In September 2015, at the United Nations Sustainable Development Summit in New York, new Sustainable Development Goals (SDGs) were adopted. These SDGs address a comprehensive range of issues, from poverty, health and hunger to gender equality, climate change and energy. Some parts of the world have now re-oriented themselves toward achieving the vision of a better future by the year 2030.

The first of the 17 goals is to eliminate poverty in all its forms by 2030. Of the world population, 10 percent still live in extreme poverty. These 700 million people are often struggling to fulfil the most basic needs. Even having a job does not guarantee a decent living. In fact, 8 percent of employed workers and their families worldwide lived in extreme poverty in 2018.

Since the adoption of the Sustainable Development Goals, reports have noted some progress. Particularly, the Sustainable Development Goals 2019 Report stresses progress in child mortality rates, an increase in people’s access to electricity, and a reduction in extreme poverty.

Even with the progress, experts warn that the global response has not been ambitious enough, leaving the most vulnerable people and countries to suffer the most.

Poverty affects children disproportionately, as one out of five children live in extreme poverty. Ensuring social protection for all children and other vulnerable groups is critical to helping reach the Sustainable Development Goals.

Governments, the private sector, and the academic community can help create an enabling environment to generate productive employment and job opportunities for the poor and the marginalized. They can work together to formulate strategies and fiscal policies that stimulate pro-poor growth, and reduce poverty.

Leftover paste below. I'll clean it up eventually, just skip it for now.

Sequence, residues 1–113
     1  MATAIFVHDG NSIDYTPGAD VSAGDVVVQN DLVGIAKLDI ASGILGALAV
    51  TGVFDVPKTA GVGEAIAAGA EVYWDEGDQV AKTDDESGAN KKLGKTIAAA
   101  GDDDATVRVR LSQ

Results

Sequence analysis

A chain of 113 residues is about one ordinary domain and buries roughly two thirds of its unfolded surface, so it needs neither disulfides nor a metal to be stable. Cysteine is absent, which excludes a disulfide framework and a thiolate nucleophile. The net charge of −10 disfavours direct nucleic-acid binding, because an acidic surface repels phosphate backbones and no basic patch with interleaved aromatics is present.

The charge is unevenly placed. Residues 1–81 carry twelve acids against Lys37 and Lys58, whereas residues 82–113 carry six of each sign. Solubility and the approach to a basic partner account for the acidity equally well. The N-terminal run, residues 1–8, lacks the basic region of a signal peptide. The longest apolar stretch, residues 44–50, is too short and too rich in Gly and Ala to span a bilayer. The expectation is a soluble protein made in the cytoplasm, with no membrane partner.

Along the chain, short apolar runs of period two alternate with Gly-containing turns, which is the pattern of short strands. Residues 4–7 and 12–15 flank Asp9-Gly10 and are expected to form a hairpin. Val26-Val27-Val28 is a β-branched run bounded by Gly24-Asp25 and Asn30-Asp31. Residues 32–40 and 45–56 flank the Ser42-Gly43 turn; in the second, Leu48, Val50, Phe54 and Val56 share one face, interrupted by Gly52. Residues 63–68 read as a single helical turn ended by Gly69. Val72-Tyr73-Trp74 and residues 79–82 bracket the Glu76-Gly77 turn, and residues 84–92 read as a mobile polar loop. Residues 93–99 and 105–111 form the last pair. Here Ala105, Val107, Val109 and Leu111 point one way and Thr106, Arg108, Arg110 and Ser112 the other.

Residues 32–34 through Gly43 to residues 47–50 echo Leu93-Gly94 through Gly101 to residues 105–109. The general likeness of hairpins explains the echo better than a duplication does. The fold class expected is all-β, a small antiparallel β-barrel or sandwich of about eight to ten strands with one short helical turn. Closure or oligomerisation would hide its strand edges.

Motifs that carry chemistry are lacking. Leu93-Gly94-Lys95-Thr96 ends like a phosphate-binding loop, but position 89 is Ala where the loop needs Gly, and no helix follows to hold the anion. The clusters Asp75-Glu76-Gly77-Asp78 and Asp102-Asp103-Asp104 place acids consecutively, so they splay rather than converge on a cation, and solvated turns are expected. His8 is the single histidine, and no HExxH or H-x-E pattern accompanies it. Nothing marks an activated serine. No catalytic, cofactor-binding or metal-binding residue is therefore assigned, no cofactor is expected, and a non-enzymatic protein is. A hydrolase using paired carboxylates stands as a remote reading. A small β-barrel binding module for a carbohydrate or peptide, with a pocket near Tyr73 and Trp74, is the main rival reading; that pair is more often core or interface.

“It is abundantly clear that a much deeper, faster and more ambitious response is needed to unleash the social and economic transformation needed to achieve our 2030 goals,” said United Nations Secretary-General António Guterres.

Among the key findings in the 2019 report:

  • Increasing inequality among and within countries requires urgent attention. Three- quarters of growth-stunted children live in Southern Asia and sub-Saharan Africa; extreme poverty is three times higher in rural areas than urban areas; young people are more likely to be unemployed than adults; only a quarter of people with severe disabilities collect a disability pension; and women and girls still face barriers to achieving equality.
  • The year 2018 was the fourth warmest year on record. Levels of carbon dioxide concentrations continued to increase in 2018. Ocean acidity is 26% higher than in pre-industrial times and is projected to increase by 100% to 150% by 2100 at the current rate of CO2 emissions.
  • The number of people living in extreme poverty declined from 36% in 1990 to 8.6% in 2018, but the pace of poverty reduction is starting to decelerate as the world struggles to respond to entrenched deprivation, violent conflicts and vulnerabilities to natural disasters.
  • Global hunger has been on the rise after a prolonged decline.

What would it cost to end global poverty? To end extreme poverty worldwide in 20 years, economist Jeffrey Sachs calculated that the total cost per year would be about $175 billion. This represents less than one percent of the combined income of the richest countries in the world.

To find out more about Goal #1 and other Sustainable Development Goals visit:

Update provided by Len Janeski, Center on Business and Poverty